I told many stories from the podium at Jagiellonian, but one of my favorites is another kind of Rumpelstiltskin-type odyssey explained by Clare Cavanagh, Miłosz’s American biographer, as she describes her relationship with the curmudgeonly Miłosz:

Green Queen

“Sometimes the doubts ran deeper—his life, his poetry, his soul. And sometimes the doubts were about me: ‘You will produce not my life, but only some facsimile,’ he said with a scowl in the summer of 2003. He spent several weeks that summer putting me through the biographer’s equivalent of boot camp. … every day he gave the same response: ‘Takie oszywiste pytania,’ ‘(Such obvious questions).’ Then he’d would invite me for another session the next day, when yet another set of questions would be dismissed and after an excruciating hour or two, I’d would be sent home to think up some ‘questions no one’s asked me yet.’ …

Finally, after a sleepless night spent reading and rereading the then-untranslated Second Space, I went in and asked about the poems, and about religion. Those were the questions he wanted. And that was what I’d wanted to talk about, too, but I’d thought biographers were supposed to do something different. We talked about ‘Father Seweryn’ and ‘The Treatise on Theology’—I said I’d been surprised by the Virgin at the end, and he laughed and said, ‘I was, too.’

Clare, of course, is here in Kraków, too.  And still wearing her green jacket, her green glasses, and (I’ve learned in Kraków) she has a green backpack to match.  Daughter of Eire.

***

Today I got more swag.  After a seminar on translation with Agnieszka Kosińska, another of my contributors (the session was in Polish, but I went just for Agnieszka), we made a trek to the Book Institute off Kraków’s main square. The Book Institute is a wonderful organization in Kraków – funded by the Ministry of Culture, I think – that promotes Polish literature.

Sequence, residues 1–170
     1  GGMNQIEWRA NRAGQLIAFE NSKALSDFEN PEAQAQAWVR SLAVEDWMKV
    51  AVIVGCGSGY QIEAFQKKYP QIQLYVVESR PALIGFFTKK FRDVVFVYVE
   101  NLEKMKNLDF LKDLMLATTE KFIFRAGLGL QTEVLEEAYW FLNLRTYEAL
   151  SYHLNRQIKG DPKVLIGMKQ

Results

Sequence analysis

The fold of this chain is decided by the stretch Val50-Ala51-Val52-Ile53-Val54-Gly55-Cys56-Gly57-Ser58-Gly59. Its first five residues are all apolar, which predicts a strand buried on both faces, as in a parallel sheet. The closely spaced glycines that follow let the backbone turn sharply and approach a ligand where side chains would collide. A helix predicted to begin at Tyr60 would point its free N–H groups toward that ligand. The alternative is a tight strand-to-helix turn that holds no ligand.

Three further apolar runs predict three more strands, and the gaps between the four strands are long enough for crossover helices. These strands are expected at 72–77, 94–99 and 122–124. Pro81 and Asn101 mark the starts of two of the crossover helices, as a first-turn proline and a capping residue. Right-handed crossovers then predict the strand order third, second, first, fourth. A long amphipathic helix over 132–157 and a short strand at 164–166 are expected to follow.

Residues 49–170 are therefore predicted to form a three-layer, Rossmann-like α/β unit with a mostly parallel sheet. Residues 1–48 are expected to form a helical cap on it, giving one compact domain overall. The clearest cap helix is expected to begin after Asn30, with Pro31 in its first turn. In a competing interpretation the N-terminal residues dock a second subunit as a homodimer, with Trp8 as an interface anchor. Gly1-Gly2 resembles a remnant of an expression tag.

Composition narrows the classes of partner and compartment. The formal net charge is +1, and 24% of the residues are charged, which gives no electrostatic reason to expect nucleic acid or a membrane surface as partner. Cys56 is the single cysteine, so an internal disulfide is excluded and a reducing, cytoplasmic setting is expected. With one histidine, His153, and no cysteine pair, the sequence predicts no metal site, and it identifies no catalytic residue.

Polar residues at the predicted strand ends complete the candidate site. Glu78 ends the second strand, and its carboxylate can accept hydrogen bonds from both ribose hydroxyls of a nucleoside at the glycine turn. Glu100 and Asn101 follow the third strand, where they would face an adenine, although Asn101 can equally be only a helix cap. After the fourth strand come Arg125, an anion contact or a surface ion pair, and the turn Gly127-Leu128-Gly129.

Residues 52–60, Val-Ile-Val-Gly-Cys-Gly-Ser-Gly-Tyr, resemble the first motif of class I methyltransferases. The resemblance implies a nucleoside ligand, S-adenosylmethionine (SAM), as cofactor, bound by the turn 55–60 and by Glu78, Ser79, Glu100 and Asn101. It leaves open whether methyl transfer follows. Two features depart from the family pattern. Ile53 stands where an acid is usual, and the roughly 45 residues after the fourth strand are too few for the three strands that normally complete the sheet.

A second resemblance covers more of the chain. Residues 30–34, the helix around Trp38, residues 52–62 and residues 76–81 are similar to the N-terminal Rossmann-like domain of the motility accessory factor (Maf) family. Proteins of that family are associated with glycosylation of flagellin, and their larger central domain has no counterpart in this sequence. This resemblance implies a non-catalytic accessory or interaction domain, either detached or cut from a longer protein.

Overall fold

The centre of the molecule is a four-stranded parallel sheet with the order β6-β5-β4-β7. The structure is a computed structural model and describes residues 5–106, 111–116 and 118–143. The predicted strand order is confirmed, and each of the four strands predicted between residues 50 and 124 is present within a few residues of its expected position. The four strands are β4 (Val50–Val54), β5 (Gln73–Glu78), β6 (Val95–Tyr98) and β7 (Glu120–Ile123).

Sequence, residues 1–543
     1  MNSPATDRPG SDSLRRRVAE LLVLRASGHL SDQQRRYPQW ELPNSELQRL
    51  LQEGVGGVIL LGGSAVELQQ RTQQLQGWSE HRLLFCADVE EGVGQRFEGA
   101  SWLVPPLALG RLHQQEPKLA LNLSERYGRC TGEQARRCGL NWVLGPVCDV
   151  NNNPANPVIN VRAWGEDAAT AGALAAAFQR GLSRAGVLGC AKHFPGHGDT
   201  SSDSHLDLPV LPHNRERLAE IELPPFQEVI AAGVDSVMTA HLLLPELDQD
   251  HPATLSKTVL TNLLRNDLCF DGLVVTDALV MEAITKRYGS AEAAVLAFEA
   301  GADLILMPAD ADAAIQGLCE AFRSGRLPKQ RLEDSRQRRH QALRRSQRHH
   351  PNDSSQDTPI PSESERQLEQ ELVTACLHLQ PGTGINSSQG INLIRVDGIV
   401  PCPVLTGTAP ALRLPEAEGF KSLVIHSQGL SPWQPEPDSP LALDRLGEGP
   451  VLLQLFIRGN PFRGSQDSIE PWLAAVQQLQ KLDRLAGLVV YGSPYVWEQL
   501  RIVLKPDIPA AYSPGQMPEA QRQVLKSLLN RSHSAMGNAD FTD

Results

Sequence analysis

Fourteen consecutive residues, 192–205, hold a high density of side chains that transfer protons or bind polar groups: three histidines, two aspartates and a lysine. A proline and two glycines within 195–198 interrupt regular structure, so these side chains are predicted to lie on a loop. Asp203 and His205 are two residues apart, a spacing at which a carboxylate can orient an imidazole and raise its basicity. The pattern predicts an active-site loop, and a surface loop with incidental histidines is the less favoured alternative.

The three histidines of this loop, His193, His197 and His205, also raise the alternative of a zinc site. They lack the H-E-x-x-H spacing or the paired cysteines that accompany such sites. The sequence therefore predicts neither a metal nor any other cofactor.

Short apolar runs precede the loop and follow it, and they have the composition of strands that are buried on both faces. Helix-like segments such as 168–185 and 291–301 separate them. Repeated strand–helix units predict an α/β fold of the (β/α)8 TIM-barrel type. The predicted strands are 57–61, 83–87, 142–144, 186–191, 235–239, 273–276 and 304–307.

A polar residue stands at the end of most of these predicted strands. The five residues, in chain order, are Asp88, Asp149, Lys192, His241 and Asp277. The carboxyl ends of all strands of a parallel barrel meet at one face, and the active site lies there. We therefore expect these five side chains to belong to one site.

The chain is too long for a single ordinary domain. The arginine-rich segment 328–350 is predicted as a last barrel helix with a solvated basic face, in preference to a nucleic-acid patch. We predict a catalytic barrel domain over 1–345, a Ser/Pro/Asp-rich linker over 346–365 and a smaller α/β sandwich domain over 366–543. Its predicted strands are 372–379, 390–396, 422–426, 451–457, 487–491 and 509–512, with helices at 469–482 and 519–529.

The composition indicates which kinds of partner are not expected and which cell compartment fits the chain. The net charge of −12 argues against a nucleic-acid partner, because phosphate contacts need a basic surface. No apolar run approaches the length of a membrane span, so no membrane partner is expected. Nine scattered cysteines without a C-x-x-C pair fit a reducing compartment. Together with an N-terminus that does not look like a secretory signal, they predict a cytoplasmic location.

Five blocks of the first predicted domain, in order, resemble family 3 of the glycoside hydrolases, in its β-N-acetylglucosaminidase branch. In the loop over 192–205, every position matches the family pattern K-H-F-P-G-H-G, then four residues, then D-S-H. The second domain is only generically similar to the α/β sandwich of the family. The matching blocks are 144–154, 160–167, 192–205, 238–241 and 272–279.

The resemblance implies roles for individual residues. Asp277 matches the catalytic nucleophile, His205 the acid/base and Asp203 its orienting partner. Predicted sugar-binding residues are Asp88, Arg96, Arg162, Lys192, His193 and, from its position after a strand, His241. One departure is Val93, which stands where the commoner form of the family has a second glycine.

The books they gave me will tip the scales at the next airport.  Andrzej Franaszek‘s new 1,000-page biography of Miłosz, and a 1,400-page collected poems – both published by Znak. Clare told me that about a third of Miłosz’s poems have not been translated yet, to my best recollection of the size of the English-language Collected, that sounds about right.

During a visit with octogenarian poet and author Marek Skwarnicki (another contributor) way on the outskirts of Kraków this afternoon, he said the biography is a bit of a wonder in Kraków.  Andrew has spent 10 years working on the book, and is now only about 40.  Such a thick book from such a young man is not commonplace in Poland, Marek said.

Now.  All I have to be able to do is get on the airplane with all this.

Oh, oh, oh … I haven’t told you about the Miłosz pavilion yet.  And the reading with Adonis and Ryszard Krynicki and Ed Hirsch and Jane Hirshfield tonight. There’s more to come.

In the aftermath of the Google books decision: disappointment … and persistence

Thursday, April 21st, 2011
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No prophet

U.S. Circuit Judge Denny Chin‘s rejection of a deal between Google and book publishers happened while I was in New York City.  You can read about it here.  The federal judge in Manhattan said the deal, which would allow the search engine company share digitized copies,  “goes too far” and would give Google “a significant advantage over competitors, rewarding it for engaging in wholesale copying of copyrighted works without permission.”

It took a few weeks, but Andrew Herkovic at the Stanford University Libraries has issued his characteristically graceful comment on the Google brouhaha in his newsletter: